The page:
Digital Society Depends On Robust Digital Infrastructure

So much became clear October 1st when a power failure at Easynet’s Schiphol datacenter affected the proper functioning of parts of the traditional, connected and online economy. It took about 1.5 hours before Easynet went public with a tweet and about 11 hours before services were fully restored:



Check out this storify link by Dionar for more social media mentions.

During those 11 hours, four things became abundantly clear:

  1. Data centers are the new industrial estates in the digital landscape of the online economy. The outage affected online parking, hotel reservations, ecommerce, communications, and Enterprise back offices to name a few
  2. Local outages have nationwide impact. A power outage at Schiphol Amsterdam affected online parking in Venray
  3. Digital infrastructure value chain is complex. Many customers had no idea that their digital infrastructure was located at Easynet’s Schiphol datacenter
  4. If your digital infrastructure is mission critical you can not afford to be offline. Many customers will take a closer look at the contracts they have signed with their digital infrastructure suppliers and will likely be prepared to pay more for increased reliability.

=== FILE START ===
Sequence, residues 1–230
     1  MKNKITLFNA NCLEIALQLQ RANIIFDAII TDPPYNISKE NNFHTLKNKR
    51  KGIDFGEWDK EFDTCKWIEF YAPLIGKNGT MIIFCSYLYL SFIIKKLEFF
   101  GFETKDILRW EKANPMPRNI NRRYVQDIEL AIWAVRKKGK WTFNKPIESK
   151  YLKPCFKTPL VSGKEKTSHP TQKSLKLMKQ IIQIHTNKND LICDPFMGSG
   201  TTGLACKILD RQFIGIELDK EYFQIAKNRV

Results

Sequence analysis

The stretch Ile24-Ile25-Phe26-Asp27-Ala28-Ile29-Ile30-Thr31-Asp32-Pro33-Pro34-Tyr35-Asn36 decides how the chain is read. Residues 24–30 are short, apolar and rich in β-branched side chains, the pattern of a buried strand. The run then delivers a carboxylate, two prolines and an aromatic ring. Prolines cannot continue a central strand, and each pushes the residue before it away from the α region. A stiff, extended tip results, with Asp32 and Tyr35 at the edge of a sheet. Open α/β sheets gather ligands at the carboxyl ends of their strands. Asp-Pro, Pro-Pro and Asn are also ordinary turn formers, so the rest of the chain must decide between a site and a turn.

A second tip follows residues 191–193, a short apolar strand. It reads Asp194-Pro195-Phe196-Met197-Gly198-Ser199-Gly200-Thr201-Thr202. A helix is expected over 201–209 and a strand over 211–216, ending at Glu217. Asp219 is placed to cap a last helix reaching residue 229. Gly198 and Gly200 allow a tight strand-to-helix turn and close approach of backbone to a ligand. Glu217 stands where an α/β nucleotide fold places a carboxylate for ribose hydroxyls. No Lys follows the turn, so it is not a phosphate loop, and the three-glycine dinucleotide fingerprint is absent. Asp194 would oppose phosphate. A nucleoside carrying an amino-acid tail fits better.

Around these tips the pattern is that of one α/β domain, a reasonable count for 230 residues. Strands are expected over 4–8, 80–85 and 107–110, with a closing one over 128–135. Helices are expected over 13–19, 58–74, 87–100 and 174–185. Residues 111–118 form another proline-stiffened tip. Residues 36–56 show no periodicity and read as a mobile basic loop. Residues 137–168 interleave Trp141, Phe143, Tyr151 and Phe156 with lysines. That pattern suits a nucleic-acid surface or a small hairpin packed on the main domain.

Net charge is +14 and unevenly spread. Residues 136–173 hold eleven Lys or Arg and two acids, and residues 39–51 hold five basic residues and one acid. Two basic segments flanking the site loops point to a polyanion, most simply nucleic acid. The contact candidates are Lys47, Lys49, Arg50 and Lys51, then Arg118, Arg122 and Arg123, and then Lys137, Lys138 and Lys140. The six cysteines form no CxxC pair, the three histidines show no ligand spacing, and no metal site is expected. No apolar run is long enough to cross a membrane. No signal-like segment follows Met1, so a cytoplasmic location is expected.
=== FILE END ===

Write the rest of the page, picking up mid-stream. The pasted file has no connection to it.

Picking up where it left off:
In an earlier post we introduced the concept of cloud traceability. We said:

A new computing value and supply chain is emerging as deployment models are becoming more elastic. For instance, a BPaaS vendor can take services from a SaaS vendor that is running its infrastructure from another IaaS vendor that has co-located its cloud in another vendor’s datacenter. Just like in food safety where the EU is regulating food traceability (from the farm to the fork), enterprises should track deployment options from the data center to the business process to make sure the value chain is uncompromised.

What about your digital infrastructure deployment models? Have you got cloud traceability? Can you show cloud traceability in your cloud offerings? Let us know!

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About Pim Bilderbeek